Gender, Education and Peacebuilding
A review of selected 'Learning for Peace' case studies
The overarching question the review seeks to answer is: How can education interventions address gender inequalities in contexts of armed violent conflict and in the process contribute towards sustainable peace? In other words, what do the four case studies tell us about how a gender-transformative approach to education for peacebuilding can strengthen its policy and practice?
The four case studies cover a range of contexts, institutional settings, categories of learners, and educational activities.While the intersections between gender equality, education and peacebuilding are many and varied, this review focuses on four strategies through which education providers may seek to play a role in gender-transformative peace, as identified in earlier stages of the Learning for Peace programme. These strategies are:
- ‘Building back better' to promote positive gender relations and social norms;
- Empowering women and youth to promote and participate in building sustainable peace;
- Invoking positive models of masculinity and supporting at-risk male youth; and,
- Addressing gender-based violence (GBV).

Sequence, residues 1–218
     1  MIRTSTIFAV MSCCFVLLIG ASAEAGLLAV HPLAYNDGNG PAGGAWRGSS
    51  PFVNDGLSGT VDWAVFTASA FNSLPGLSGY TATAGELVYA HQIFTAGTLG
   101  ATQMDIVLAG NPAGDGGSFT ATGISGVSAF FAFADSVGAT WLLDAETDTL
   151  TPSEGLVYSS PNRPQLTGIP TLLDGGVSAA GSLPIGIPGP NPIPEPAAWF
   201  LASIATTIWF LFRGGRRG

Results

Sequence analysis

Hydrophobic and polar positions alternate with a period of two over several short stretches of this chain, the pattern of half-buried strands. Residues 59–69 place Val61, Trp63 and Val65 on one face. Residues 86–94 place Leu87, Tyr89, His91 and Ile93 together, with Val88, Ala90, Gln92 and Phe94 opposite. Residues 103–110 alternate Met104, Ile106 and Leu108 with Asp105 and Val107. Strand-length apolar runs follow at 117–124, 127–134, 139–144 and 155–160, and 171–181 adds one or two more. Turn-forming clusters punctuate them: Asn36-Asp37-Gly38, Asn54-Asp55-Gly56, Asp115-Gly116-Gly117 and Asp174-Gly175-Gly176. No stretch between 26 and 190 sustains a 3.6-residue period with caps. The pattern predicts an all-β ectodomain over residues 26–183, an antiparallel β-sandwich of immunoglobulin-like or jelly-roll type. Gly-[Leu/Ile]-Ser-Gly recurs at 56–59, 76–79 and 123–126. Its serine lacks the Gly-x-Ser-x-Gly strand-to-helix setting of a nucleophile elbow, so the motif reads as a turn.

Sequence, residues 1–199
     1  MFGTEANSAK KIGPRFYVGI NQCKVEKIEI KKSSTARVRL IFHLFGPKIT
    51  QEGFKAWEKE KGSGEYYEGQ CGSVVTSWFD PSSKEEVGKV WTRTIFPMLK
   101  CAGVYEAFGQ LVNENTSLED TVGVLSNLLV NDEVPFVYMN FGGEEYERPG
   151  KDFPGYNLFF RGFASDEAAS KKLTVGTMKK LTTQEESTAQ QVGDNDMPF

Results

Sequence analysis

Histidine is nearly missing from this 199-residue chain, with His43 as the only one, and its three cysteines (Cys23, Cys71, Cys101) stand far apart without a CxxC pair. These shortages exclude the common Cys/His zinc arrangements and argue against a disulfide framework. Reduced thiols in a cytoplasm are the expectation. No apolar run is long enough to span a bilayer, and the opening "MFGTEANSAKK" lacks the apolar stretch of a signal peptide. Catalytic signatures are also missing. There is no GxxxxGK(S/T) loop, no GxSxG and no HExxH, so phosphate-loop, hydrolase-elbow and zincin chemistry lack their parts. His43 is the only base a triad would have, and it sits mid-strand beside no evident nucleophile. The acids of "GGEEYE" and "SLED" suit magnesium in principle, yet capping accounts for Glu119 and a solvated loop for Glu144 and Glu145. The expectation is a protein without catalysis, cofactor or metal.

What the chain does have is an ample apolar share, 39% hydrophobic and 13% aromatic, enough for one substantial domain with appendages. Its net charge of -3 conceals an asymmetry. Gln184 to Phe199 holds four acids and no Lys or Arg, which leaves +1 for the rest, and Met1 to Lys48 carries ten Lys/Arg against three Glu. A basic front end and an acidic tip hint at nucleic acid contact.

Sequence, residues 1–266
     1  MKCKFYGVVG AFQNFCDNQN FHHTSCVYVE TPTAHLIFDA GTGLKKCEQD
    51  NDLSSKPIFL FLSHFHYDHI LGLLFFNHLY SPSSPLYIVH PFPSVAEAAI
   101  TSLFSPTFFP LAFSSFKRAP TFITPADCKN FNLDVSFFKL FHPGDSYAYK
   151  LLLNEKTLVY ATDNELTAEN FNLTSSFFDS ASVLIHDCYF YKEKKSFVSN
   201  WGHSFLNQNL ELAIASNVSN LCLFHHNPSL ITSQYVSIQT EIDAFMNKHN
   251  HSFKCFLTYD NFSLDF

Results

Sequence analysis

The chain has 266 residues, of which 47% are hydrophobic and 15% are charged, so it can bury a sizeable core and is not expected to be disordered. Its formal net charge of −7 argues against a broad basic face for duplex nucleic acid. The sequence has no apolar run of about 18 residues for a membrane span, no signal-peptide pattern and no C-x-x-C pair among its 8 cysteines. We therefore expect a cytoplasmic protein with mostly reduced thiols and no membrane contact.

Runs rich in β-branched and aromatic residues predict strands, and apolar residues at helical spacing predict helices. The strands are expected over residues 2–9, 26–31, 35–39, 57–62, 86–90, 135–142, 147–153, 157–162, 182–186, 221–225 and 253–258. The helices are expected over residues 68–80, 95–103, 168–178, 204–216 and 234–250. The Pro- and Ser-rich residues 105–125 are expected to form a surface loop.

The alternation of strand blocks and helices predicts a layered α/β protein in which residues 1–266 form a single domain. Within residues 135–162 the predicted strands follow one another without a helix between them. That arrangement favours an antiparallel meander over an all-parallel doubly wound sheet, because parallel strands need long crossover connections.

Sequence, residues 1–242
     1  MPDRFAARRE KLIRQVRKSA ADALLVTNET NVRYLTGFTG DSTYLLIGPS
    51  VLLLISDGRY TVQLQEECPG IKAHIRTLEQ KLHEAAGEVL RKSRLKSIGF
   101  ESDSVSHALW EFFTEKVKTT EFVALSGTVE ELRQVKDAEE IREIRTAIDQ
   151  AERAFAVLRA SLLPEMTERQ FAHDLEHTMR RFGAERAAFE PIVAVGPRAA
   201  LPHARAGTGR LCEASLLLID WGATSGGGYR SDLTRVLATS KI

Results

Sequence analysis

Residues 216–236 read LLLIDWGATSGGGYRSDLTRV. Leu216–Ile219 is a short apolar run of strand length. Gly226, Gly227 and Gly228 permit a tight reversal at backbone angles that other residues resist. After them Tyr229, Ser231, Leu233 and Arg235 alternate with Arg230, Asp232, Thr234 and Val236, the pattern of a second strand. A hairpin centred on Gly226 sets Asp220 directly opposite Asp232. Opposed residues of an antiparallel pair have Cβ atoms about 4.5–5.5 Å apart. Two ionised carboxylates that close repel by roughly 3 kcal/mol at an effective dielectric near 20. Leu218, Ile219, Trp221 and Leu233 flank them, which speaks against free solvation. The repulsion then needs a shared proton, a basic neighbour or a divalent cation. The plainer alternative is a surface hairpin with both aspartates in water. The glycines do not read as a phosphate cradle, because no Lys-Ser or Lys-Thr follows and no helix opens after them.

In each case, Learning for Peace commissioned research to delve into the potential of the project to contribute to gender-transformative peace in its various aspects. While the research for two of these case studies (Uganda and the CC programme) took the form of an impact evaluation based on randomized controlled trials, research for the other two case studies (the Democratic Republic of the Congo and Côte d'Ivoire) was carried out using qualitative methods at the community level. The overarching lesson to be drawn from the four case studies reviewed in this document is that education hasenormous potential to influence the formation of gendered attitudes, identities and capabilities, even in the most difficult circumstances. A safe and equitable education system can provide the foundation for a safe and equitable society. The potential is evident at all levels of the education system, and in both in-school and informal settings.